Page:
Many immigrants and children of immigrants are struggling to find their place in the U.K. "We are caught between the desire to fit in and the communal [advice] to remember where we started," Alagiah writes. "While we build one home ... we think back to the home we left behind."

A Multiethnic Society

Immigrants from the former colonies have not always felt welcome in the U.K., but it has become a thriving multiethnic society. Every British kid knows about Big Ben and the guards at Buckingham Palace. But now, no matter what their heritage, they also are likely to eat Indian food and dance to the beat of reggaeton (music that blends the Jamaican influences of reggae and dancehall with those of Latin America and hip-hop). Even the way many teens speak is influenced by Afro-Caribbean slang. For instance, "How are you?" has become "Wha' g'wan on, man?"

Lasian, who has an impeccable British accent, feels perfectly at home with this. "I was born here," she says. "I'm British but was raised in Jamaican fashion." Adds Raju: "I'll stick to the British. We have to unite as a nation."

Words to Know

* ackee: a bright-red tropical fruit that was taken from West Africa to Jamaica in 1793.

* bangers and mash: a British expression for sausage and mashed potatoes.

* chutney: chopped fruits or green tomatoes cooked in vinegar and sugar with ginger and spices.

* curry: a food, dish, or sauce in Asian cuisine that is seasoned with a mixture of ginger, garlic, onion, chile, and other spices.

* Koran: The sacred text of Islam.

* Sunni (SOO.nee) Muslim: the larger of the two major branches of Islam worldwide. (The other is Shia.)

* Objective

Students should be able to:

* recognize/discuss the cultural contributions that immigrants from former colonies have made to the U.K.

* Words to Know/Background

The people of the onetime British Empire have shaped not only the culture of the U.K., but also its language. Many familiar English words come from former colonies, particularly India. Some examples:

* bandanna: Sanskrit bandhati, "he ties."

* bungalow: Hindi/Urdu bangla, "house" (a small, Bengali-style house)

* loot: Hindi/Urdu lut, "plunder."

* pajamas: Hindi/Urdu paijama, loose-fitting pants.

* thug: Hindi/Urdu thuggee, "thief" or "cheater."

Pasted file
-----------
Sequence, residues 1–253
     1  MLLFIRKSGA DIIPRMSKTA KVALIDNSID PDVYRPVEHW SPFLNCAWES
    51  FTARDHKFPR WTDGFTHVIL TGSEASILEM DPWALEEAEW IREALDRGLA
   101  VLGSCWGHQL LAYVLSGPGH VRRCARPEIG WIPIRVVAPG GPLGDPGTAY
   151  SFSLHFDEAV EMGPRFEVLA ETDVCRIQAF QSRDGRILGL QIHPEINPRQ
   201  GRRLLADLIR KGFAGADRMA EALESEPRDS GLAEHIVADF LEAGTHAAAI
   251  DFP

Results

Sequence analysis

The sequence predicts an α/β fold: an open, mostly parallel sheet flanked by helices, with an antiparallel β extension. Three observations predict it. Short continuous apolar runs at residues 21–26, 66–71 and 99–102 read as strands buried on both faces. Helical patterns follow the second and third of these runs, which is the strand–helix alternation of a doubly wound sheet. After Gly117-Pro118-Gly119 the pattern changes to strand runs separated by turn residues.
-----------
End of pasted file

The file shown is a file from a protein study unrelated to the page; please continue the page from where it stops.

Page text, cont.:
* Critical Thinking

MAKING CONNECTIONS: Raju and Laisan were born ill the U.K., hut their home lives reflect their ethnic heritage. What examples does the article mention? (signs in Bengali; curry and chutney; the Koran; jerk chicken, ackee and saltfish; calypso, reggae, and ska)

CAUSE AND EFFECT: Many recent immigrants to the U.K. came from Bangladesh and Jamaica. Why might they have made that move? (familiarity with British culture after long British rule; for economic, educational opportunities not available at home; other answers acceptable)

* Activity

BE A CULTURE VULTURE: How many of the Asian and Afro Caribbean influences mentioned are part of U.S. as well as U.K. culture? What other foods, music, or clothing now part of your daily life were brought by recent immigrants?



* Global connections: For centuries, British culture influenced lives of people in Asia, Africa, and the Caribbean. The people from these cultures now influence the U.K.



* Campbell, Kumari, United Kingdom in Pictures (Lerner Publishing Group, 2004). Grades 6-12.

* Synge, M. B., The Growth of the British Empire (Yesterday's Classics, 2006). Grades 7-12.


* Britain for Kids

* British Youth

by Olivia Snaije in London
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Article Details
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Title Annotation:World
Author:Snaije, Olivia
Publication:Junior Scholastic
Article Type:Cover story
Geographic Code:4EUUK
Date:Oct 30, 2006
Previous Article:Over a barrel.
Next Article:Giving young people a voice: Raju Miah speaks up for kids in Tower Hamlets.